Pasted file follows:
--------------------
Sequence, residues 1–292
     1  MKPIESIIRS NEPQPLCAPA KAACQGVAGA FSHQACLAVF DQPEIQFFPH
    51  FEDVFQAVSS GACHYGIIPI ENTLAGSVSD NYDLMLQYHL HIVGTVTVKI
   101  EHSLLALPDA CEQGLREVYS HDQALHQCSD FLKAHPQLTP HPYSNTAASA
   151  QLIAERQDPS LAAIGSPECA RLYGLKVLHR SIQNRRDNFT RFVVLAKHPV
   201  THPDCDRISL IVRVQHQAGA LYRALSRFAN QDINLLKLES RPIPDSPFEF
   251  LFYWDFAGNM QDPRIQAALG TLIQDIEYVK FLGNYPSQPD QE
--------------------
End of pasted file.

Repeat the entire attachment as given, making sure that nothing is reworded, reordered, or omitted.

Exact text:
Sequence, residues 1–292
     1  MKPIESIIRS NEPQPLCAPA KAACQGVAGA FSHQACLAVF DQPEIQFFPH
    51  FEDVFQAVSS GACHYGIIPI ENTLAGSVSD NYDLMLQYHL HIVGTVTVKI
   101  EHSLLALPDA CEQGLREVYS HDQALHQCSD FLKAHPQLTP HPYSNTAASA
   151  QLIAERQDPS LAAIGSPECA RLYGLKVLHR SIQNRRDNFT RFVVLAKHPV
   201  THPDCDRISL IVRVQHQAGA LYRALSRFAN QDINLLKLES RPIPDSPFEF
   251  LFYWDFAGNM QDPRIQAALG TLIQDIEYVK FLGNYPSQPD QE